In March this year, we went to Finsbury Park in London to the home of Phyllida Barlow to interview her for the A brush with… podcast. Tragically, Phyllida died just a few days later. So this conversation is a tribute to one of the most significant British artists of recent years. Ardently committed to sculpture and convinced of its special power, she was coruscatingly erudite and perceptive, yet also irreverent and suspicious of orthodoxies. This was evident in her combinations of simple materials such as wood, plaster and scrim, cement, paint and fabric in extraordinary sculptures and installations. She managed to achieve at once awkwardness and grace, humour and pathos, the grand and the intimate. Among much else, Phyllida discusses the morality imposed on sculpture in her art school days, the underacknowledged “dirty side of making” in Marcel Duchamp’s work, her admiration for Louise Nevelson and Eduardo Chillida, the writing of Fyodor Dostoevsky and the films of Robert Bresson. Plus she answers our usual questions, including a moving response to the ultimate question, “What is art for?”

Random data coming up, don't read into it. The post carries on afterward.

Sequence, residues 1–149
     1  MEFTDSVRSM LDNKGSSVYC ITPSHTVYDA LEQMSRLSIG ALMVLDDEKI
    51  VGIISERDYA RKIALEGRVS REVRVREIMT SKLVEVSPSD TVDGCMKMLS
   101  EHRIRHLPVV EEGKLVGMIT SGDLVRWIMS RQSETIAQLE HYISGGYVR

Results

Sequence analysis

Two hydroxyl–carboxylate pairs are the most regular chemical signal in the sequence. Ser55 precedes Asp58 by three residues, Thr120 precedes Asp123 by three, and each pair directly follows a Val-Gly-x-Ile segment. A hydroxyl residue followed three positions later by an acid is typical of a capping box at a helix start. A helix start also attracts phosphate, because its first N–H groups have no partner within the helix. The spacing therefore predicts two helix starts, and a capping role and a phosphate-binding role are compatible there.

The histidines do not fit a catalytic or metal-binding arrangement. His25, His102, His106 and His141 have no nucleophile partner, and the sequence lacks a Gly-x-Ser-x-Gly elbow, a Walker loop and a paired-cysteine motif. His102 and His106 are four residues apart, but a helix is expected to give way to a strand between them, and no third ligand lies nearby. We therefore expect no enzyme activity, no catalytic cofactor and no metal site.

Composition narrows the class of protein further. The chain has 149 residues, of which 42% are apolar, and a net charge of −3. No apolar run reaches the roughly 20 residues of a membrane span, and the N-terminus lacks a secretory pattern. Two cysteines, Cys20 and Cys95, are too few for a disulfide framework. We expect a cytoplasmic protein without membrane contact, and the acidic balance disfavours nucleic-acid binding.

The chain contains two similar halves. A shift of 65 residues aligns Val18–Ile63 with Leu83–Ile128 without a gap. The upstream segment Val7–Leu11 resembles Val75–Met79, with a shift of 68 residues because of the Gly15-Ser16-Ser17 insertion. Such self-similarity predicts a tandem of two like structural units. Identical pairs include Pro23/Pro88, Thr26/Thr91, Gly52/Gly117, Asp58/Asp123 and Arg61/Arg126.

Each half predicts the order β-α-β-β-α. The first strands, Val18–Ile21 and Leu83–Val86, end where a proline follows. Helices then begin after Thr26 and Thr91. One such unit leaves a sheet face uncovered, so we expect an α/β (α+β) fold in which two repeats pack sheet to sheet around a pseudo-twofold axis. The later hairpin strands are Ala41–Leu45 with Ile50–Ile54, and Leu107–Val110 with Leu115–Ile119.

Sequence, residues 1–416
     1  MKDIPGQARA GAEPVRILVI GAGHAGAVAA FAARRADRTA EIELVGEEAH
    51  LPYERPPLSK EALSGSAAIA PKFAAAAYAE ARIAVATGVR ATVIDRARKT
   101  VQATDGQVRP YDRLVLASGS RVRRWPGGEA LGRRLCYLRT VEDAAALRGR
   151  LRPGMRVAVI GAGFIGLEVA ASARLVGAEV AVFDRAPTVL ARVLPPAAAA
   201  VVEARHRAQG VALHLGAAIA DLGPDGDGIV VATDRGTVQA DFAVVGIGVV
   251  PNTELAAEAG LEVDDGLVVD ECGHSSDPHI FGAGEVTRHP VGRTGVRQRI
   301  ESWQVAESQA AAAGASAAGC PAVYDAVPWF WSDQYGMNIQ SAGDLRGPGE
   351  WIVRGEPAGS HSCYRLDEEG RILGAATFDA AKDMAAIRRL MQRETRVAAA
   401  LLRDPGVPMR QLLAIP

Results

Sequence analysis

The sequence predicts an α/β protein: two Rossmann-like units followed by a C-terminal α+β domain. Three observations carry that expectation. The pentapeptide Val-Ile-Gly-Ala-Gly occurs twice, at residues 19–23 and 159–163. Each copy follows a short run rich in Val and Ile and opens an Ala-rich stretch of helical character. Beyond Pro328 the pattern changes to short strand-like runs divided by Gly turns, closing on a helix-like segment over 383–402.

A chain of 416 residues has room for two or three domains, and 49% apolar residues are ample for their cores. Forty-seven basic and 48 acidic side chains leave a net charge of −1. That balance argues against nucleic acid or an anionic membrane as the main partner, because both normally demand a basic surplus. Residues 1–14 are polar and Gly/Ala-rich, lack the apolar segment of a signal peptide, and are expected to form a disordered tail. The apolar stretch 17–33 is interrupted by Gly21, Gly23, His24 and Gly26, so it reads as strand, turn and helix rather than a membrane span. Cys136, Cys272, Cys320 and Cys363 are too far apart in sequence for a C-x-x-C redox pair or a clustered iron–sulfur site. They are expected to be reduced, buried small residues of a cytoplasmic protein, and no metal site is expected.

Phyllida Barlow, Chillida Leku, Hernani, near San Sebastian, Spain, until 22 October; The Museum of Contemporary Art (MOCA), Toronto, 8 September-4 February 2024.

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